In some cases, a child who is the victim of bullying may also appear to engage in bullying behavior. This occurs in a small percentage of bullying situations and typically involves a child who has poor social skills, does not follow rules, relates to adults aggressively and may have a learning disability, ADHD or autism. The difference in this situation is that the child (unlike a typical bullying instigator) has no power and is lashing out impulsively. A child in this situation needs more support from the entire community. For more information about how to help a child in this situation, go to the Bullying Prevention Resource Guide: www.bullyingprevention.org/repository//Best%20Practices%20PDFs/ProvocativeVictim.pdf
Signs your child may be bullying other children:
Children who bully are not just angry outsiders looking for a fight. In fact, many are popular, do well in school, come from middle-to-upper class families and relate well to adults. The common factor is a lack of empathy and a willingness to harm another in order to advance in the social pecking order.
If your child’s school contacts you about a bullying incident, keep an open mind. Your child might be at fault.
Ask yourself whether your child often excludes others; is kind to younger children and animals; is physically aggressive; uses intimidation or taunts to get his/her way; lacks empathy; blames others for bad behavior or doesn’t take responsibility for actions. These are some of the traits found in children who bully.
Modeling behaviors at home
Creating a loving and stable home environment goes a long way toward inoculating your children against many social problems. Research shows that children are less likely to bully others or become victims if their parents do not hit or yell at them. Do you use intimidation tactics to discipline your child threats, put-downs, taunts, hitting or do you treat your child with respect?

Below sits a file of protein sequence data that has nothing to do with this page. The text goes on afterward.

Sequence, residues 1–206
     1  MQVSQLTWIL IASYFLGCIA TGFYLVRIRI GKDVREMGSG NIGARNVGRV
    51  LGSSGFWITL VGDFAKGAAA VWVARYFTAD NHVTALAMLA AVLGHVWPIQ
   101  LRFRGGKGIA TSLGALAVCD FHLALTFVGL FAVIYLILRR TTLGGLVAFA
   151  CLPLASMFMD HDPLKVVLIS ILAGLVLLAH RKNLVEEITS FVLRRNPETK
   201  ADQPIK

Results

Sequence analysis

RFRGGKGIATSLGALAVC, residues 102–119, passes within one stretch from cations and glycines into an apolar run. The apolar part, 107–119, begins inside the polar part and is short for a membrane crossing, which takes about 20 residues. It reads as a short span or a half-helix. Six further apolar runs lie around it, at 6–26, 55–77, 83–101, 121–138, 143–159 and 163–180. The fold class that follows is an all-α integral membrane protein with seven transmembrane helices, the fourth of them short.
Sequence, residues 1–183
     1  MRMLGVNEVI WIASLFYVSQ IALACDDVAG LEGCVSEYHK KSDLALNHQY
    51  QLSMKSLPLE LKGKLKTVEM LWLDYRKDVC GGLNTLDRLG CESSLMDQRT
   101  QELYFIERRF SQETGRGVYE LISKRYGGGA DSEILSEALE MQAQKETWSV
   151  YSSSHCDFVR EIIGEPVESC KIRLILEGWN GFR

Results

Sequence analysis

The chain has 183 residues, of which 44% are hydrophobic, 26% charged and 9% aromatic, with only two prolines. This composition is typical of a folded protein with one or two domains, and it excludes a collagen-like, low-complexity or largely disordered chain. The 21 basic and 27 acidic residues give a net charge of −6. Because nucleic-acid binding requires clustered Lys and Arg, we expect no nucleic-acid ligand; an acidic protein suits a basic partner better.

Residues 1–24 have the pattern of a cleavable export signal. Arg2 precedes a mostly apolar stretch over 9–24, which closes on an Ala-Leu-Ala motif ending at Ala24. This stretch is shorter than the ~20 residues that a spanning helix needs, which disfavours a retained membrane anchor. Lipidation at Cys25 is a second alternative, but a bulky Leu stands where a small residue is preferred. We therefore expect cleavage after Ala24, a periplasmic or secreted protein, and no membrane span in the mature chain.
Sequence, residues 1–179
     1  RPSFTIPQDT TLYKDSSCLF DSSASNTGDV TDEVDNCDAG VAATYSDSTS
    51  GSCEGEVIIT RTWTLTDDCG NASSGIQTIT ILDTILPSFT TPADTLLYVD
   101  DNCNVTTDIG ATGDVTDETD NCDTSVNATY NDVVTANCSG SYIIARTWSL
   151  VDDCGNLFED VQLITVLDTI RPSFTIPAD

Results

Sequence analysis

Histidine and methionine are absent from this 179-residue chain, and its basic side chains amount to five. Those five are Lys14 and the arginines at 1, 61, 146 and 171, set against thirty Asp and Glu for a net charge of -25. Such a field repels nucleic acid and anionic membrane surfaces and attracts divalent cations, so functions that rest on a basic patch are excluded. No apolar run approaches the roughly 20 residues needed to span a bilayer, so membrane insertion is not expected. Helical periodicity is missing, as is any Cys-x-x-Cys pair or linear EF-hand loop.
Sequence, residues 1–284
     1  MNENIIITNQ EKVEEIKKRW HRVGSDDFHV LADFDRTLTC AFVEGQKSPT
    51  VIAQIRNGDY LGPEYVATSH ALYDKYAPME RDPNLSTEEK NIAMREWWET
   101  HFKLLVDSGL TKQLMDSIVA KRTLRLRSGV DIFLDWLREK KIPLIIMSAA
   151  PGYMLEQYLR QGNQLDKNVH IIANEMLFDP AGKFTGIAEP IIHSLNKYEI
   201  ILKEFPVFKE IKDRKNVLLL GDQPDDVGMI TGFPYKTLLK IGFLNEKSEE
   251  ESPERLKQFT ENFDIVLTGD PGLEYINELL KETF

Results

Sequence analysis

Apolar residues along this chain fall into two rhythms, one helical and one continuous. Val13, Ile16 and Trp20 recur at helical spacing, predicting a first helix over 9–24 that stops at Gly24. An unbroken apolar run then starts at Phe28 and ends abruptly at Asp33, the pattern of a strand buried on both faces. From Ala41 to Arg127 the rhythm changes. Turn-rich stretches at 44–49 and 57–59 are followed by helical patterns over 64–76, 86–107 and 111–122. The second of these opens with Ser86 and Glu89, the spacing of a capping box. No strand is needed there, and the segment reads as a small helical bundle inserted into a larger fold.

How do you treat other adults? Do you use threats, anger or intimidation to get your way? Your child will model your behavior.
How do you talk about people with different sexual orientation, race, religion or color? Do you use slurs or show intolerance toward those who are different from you?
Do you limit your child’s access to violent video games or movies? Do you monitor their computer usage? Do you ensure that they do not have access to dangerous weapons?
Consider all these factors when determining whether any of your conduct is contributing to your child’s behavior.
Should you talk directly to a child who is bullying students or to that child’s parents?
Do not directly approach the parents of the child. This can make the situation worse. Instead, contact your child’s teacher, school counselor and principal.
How to talk to your child’s teacher, school counselor and principal.
Make an appointment to talk with your child’s teacher, the school counselor or psychologist and the principal to discuss the situation. Explain what has happened and ask how these educators plan to intervene and ensure that your child feels safe at school. Levels of anti-bullying training differ school-to-school, so don’t assume that educators at your school have received specialized training in how to deal with bullying situations. Also, remember that children who bully often act when an adult is not present or not watching, and social bullying is very difficult to identify.